It is in the earlier novel — which charts the descent into madness of Camelia, a 20-year-old sinophile who has been orphaned by her father and neglected by her mother — that we see Di Grado pinning down themes and techniques to form the crude outlines of what, in Hollow Heart, emerges as a more refined Lacanian study of language and the unconscious. The story is a strange hodgepodge of macabre fabulism, domestic drama, and thwarted romance, held together by sardonic wit. When we encounter Camelia — who is, in a provocatively self-referential gesture, named after a flower — her development has been frozen by the betrayal and death of her father, whose body was discovered in a crashed car alongside that of a female colleague. It was he, a “tormented writer,” who had brought the family to England in the first place, and after his death, Camelia is left alone in a land whose inhabitants fail to understand her Italian accent, and indeed, anything about her. The grief of her mother Livia, meanwhile — whose name puts a Shakespearian twist on the author’s name game — is transmuted into an obsession with holes of all kinds (in upholstery, in Swiss cheese, in the damp ceiling of their squalid home), which she photographs with her Polaroid. Her preoccupation seeps into the consciousness of the next generation: “Babies too grow in a hole, and come out of one,” Camelia points out, while Dorotea knits her own creation myth around a “hole in the condom.” All these allusions twirl around the gaping hole of death.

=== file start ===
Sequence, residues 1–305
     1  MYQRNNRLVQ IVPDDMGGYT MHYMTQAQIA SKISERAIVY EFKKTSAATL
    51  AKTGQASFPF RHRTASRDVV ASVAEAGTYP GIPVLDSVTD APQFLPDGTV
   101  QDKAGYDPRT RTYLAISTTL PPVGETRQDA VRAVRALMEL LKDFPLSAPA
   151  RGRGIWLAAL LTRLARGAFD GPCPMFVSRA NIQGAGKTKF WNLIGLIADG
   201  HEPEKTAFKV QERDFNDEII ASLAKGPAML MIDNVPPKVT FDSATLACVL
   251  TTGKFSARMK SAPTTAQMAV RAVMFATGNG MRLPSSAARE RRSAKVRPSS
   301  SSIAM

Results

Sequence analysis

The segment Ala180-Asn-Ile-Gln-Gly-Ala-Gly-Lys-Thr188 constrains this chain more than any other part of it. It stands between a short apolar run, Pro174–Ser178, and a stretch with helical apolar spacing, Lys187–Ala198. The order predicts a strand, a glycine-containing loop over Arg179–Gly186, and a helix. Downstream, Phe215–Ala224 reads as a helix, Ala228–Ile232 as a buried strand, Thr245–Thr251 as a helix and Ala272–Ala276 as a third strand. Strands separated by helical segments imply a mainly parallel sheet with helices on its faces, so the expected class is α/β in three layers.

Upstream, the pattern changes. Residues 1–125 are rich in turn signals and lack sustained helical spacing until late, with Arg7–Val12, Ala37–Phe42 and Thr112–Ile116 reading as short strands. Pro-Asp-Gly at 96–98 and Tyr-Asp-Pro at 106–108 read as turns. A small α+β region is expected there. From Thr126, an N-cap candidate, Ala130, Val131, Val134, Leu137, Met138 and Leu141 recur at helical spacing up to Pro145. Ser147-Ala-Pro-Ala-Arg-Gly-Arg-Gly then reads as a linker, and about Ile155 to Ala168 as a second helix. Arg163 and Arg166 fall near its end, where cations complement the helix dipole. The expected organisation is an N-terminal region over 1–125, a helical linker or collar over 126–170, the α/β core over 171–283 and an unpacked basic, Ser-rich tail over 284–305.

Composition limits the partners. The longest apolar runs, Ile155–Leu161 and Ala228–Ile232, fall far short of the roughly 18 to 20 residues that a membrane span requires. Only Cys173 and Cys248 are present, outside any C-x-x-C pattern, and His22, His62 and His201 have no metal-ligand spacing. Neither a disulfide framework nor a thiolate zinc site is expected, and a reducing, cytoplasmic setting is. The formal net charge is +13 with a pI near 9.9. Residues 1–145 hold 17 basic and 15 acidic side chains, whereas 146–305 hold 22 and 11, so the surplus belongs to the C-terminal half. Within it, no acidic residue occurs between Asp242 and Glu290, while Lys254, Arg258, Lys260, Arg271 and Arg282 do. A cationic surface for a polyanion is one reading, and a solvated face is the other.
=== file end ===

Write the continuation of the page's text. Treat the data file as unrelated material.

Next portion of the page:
The most pressing hole, however, is represented by the disavowal of language. Livia, rendered mute by trauma, has returned to a savage state, primitive, but paradoxically “ahead of me, on high, beyond language.” She uses a vocabulary of “looks” to communicate with her daughter, who inherits a violent aversion to the spoken word, causing her to leave “greenish dribbles in every corner of the room, dense disgorged letters of the Latin alphabet.” Bereft of mother and father tongues, what language can she use to capture her experience? “Like a gold prospector,” Camelia says, “I was panning for meaning.” Clothes, which she salvages from dumpsters and mutilates, can be “prostheses of meaning” — the uglier they are, the truer to life.
Camelia is drawn to the Chinese language, encountering in its multi-layered ideograms and subtly varying tones units of meaning as complex as reality itself: “Isn’t it absurd? I mean, depending on the tone you use, the word ‘ma’ can mean ‘mummy’ or ‘insult’ or ‘horse’ or ‘cannabis’!” She plasters the walls of her bedroom with ideograms as other teenagers would with posters of famous singers (ultimately, these idols, too, will fail her), and takes a job translating washing-machine manuals, mutilated snippets of which recur throughout the text, taking on ever-more warped resonances:
There are two possibilities at the end of the cycle:
No spin dry […]
There are two possibilities for ending the cycle:
In Hollow Heart, Di Grado elegantly and playfully thematizes the emptiness of unquestioned vessels of meaning (which is to say, words) with the story of a girl who has taken her own life before she has even really lived it. As the “hollowed-out branches” of her vascular system shut down and the rest of her body begins its drawn-out decomposition, Dorotea’s spirit lingers — she had not reckoned on that — “like a foul residue stuck to the bottom of the pan.” The novel falls somewhere between a final testament and a secret diary, in which Dorotea charts the slow unravelling of her body alongside her soul’s ongoing quest for definition.